"Clark, an expert on Middle East studies and a notable translator of Arabic literature, packs years of learning and lore on Dickens into this slender book. Rather than prune much that is anecdotally a remove or two from the titular subject, the publishers have elected to diminish the font size of the text (quotes from Dickens appear in bold); many of you will need magnifiers to appreciate this rich and wondrously informative book. Begin it as an armchair traveler. Don’t be irked by the lack of conventional walking-guide graphics and details or by the small maps that don’t include street names. Should you end up in London with a yearning to follow Clark’s guidance, simply add a good London map to your kit. VERDICT Hidden here are riches beyond what more conventional London guides to Dickens cover. It’s like having your own bluff and delightfully expert British walking companion." (Library Journal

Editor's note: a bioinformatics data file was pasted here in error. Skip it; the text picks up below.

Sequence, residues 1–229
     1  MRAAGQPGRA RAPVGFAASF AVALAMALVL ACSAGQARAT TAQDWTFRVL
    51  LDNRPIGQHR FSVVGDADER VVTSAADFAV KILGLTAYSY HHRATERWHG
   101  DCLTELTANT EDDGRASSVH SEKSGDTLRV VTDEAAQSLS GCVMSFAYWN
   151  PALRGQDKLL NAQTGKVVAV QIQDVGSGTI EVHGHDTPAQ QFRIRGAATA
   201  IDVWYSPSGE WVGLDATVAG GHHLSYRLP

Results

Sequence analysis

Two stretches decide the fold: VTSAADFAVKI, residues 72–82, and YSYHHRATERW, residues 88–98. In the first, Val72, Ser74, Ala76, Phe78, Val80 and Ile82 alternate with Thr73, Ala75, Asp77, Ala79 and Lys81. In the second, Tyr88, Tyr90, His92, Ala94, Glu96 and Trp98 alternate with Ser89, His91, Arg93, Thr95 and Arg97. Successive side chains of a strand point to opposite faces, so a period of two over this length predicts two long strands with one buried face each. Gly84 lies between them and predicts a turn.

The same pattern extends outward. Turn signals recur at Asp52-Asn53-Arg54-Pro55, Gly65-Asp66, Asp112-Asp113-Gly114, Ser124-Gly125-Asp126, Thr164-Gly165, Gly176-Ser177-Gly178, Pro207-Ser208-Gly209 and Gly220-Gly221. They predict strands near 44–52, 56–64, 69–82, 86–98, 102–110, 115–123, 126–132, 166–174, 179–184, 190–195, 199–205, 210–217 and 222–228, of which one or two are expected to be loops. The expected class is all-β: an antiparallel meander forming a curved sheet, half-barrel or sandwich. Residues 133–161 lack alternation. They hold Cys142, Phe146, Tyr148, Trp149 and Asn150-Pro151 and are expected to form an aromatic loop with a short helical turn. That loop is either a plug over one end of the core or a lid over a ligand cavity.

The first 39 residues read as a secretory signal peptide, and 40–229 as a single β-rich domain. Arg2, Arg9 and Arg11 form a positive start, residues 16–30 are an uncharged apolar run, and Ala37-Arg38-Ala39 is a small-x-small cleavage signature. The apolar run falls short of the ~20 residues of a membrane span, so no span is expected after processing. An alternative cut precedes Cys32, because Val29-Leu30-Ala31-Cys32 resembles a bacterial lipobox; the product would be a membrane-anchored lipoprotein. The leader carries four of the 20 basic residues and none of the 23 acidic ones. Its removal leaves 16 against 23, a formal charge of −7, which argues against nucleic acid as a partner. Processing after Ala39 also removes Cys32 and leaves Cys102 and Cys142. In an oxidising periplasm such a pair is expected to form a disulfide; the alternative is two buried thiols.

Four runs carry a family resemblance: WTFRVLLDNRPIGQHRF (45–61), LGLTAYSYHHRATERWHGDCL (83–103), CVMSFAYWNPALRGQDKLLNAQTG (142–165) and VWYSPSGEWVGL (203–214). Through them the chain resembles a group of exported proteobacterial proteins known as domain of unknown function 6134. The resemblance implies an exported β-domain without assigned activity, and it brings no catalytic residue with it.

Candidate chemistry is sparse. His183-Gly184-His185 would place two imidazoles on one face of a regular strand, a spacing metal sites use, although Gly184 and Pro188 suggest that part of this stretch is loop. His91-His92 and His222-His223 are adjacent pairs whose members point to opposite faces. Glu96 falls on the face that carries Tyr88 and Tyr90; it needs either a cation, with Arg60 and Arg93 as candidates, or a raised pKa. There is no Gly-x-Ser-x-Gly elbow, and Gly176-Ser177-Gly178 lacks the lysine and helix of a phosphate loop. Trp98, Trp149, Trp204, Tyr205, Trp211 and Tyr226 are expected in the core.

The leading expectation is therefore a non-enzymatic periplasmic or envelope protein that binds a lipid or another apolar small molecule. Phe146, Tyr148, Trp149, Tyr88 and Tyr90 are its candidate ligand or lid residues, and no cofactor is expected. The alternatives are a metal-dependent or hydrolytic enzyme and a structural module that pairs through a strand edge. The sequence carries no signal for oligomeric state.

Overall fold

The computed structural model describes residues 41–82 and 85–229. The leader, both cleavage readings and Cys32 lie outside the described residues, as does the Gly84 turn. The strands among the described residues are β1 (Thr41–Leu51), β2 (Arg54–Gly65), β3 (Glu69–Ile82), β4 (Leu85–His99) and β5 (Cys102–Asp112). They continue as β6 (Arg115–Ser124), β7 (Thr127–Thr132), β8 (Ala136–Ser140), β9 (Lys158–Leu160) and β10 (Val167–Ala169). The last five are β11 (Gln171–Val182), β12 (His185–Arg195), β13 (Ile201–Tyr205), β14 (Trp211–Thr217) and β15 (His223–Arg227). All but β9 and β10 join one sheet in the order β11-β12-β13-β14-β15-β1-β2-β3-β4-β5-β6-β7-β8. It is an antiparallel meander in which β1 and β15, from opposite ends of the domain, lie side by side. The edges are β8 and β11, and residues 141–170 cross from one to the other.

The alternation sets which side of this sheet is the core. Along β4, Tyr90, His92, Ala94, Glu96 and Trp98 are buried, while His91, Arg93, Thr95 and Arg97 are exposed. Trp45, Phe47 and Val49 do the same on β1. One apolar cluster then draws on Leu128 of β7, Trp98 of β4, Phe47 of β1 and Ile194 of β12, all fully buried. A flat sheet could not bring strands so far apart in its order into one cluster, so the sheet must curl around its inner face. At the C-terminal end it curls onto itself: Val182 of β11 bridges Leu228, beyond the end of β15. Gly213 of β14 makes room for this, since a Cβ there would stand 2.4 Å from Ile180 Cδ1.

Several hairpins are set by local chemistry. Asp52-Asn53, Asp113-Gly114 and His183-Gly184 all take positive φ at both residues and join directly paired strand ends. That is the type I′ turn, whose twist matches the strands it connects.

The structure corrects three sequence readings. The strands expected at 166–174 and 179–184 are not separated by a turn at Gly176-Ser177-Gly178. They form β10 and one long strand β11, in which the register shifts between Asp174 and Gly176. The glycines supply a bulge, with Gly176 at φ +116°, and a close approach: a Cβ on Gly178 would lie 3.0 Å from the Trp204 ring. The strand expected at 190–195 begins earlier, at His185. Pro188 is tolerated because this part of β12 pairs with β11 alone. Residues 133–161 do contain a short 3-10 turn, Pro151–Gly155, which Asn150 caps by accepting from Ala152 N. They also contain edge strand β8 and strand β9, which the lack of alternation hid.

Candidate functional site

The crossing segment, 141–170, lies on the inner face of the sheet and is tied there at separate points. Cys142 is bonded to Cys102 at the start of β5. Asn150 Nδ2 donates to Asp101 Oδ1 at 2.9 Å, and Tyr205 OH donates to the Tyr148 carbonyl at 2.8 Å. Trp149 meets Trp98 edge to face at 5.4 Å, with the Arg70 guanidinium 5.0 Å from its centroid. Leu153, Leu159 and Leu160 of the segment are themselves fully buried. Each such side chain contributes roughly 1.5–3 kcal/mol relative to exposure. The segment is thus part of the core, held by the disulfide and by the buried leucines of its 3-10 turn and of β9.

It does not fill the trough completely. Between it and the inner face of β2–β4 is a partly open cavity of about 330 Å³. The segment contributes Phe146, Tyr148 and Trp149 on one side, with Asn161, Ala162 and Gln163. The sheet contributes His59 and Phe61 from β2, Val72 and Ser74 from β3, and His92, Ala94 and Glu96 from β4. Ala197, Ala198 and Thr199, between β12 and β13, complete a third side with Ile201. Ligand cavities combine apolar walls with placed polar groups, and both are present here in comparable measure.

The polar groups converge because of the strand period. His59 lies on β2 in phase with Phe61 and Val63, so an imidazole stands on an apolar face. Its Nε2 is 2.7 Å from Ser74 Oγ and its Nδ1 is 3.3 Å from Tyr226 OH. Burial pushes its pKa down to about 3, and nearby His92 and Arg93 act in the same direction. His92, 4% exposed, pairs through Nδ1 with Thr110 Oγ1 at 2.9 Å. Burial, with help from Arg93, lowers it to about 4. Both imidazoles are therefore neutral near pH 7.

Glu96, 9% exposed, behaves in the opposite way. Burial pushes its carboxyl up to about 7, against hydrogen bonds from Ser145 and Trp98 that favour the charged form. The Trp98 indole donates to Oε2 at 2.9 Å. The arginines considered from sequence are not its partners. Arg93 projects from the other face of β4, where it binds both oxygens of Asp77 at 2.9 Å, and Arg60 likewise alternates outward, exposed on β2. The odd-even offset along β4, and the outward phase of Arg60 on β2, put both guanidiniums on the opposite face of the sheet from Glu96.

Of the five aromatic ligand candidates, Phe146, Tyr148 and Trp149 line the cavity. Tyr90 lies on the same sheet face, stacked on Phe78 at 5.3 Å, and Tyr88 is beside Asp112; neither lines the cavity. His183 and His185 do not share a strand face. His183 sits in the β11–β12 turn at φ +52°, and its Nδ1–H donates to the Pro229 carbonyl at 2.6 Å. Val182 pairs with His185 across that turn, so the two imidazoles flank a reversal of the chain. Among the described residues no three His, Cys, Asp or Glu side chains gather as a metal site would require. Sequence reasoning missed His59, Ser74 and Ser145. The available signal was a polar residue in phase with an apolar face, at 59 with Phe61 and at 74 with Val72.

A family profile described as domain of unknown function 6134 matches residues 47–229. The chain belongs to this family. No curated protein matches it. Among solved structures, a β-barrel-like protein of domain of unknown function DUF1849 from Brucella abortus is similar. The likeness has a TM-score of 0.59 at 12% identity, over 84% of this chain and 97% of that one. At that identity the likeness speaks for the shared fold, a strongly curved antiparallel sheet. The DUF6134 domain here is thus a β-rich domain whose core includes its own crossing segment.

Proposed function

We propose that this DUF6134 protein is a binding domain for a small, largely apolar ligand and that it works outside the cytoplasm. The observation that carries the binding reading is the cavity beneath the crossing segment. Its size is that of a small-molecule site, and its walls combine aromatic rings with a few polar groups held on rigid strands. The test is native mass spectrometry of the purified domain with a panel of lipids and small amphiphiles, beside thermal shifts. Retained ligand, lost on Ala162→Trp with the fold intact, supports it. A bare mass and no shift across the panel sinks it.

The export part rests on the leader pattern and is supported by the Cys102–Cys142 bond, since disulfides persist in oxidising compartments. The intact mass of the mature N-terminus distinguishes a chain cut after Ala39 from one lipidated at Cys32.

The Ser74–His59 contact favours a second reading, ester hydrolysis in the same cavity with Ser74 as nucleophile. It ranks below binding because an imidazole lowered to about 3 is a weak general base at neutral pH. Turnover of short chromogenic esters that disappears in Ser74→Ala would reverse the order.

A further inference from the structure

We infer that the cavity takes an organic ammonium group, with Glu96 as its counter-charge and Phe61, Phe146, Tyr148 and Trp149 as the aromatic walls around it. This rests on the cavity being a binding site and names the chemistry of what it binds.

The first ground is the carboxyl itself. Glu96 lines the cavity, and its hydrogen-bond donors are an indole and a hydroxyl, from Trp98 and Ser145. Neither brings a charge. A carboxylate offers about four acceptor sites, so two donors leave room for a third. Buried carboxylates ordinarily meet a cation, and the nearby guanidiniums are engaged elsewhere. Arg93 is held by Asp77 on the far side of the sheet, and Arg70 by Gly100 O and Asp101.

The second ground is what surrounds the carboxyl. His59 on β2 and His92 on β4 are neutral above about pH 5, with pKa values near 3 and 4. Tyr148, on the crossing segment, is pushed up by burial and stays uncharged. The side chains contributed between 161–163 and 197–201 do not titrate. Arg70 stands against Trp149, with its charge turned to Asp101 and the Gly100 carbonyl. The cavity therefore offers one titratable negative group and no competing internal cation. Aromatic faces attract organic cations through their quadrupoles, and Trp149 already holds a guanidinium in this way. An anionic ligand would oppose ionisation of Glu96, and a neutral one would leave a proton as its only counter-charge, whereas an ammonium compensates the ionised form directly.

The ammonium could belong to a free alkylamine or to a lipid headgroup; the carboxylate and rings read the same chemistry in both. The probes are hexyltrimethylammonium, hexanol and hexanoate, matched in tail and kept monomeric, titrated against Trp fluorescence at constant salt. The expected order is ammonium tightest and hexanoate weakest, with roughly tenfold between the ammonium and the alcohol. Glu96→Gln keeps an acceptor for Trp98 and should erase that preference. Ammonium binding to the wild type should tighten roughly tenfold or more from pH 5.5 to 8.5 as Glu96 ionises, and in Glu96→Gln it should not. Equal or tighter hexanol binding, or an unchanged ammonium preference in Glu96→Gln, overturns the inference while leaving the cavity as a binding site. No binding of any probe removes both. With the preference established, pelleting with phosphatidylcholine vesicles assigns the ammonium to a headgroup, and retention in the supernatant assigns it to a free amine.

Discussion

So it is the bicentenary of that pillar of English letters, Charles Dickens. Or rather, it was, on the 7th of February, to be exact. This has given rise to a flurry of publications including three biographies and a new edition of letters. The TLS and the LRB have never been so excited. Everyone wants a piece of the Dickens pie: the BFI are screening films on Dickens, even the Cultural Olympiad (so-called) got involved. One of my favourite little gems to come out of this Dickensolatry is Peter Clark’s charming book, Dickens’s London. The concept is simple. Dickens loved London. He loved writing about London and he loved walking around London. Combine a few of his novels and you get texts that are to London what Ulysses was to Dublin – sensitive studies of the city, some of it long lost, carefully copied but imaginatively rendered. Clark has re-created five Dickensian walks around modern London for you to follow. Dickens’s London has been cleverly put together. Designed to fit in a pocket (unless, of course, you are a woman), it gives a step by step guide along the route you have chosen as well as a map for each walk. Direct quotations from Dickens’s writings are printed in bold; a very neat idea. Each walk is attributed to a particular novel or two, making it an excellent companion to reading one of his books (although be prepared for spoilers). Clark’s knowledge is astoundingly broad and the book is woven with fascinating pieces of information: babies abandoned by the Lincoln’s Inn Chapel were “looked after by the Honourable Society of Lincoln’s Inn and usually given the name Lincoln”, for example. There is a short introduction that charts the “massive transformations” that took place in the city during Dickens’s life and situates the walks nicely in a wider understanding of the London’s constantly shifting structure and appearance. There are some lovely metaphors for change: “Sometimes an old working man’s pub has survived, looking like a man in overalls who has strayed into a smart reception.” The most compelling thought to come out of this book is the idea of walking, and how the very act of walking in the city has diminished. Clark is a self-professed psycho-geographer, of the Ian Sinclair/Will Self ilk, albeit with his psychology fascinatingly caught between the nineteenth and the twenty-first centuries. We hear how public transport only became widely available, and indeed affordable, from the mid-nineteenth century onwards. Before that people would walk. Dickens himself “as a boy…walked the three miles from Camden Town to the Strand every day. This was not unusual.” The thought of living in London without the Tube and a system of shiny red buses seems insane now. I spend about thirty pounds on my oyster card a week. But sometimes you find that a journey taken underground is actually relatively short and manageable above. The city may have physically expanded, but in terms of time spent travelling, advances in technology mean it has shrunk too. There is something quite sad about this. It is unlikely that from now on I am going to be walking the three or so miles to the library every day in psycho-geographic protest. But I might consider doing a little bit more walking in London, and if I find a coat that can actually hold a book, I’ll be taking Dickens’s London with me. (Cordelia Lynn 2012-03-08)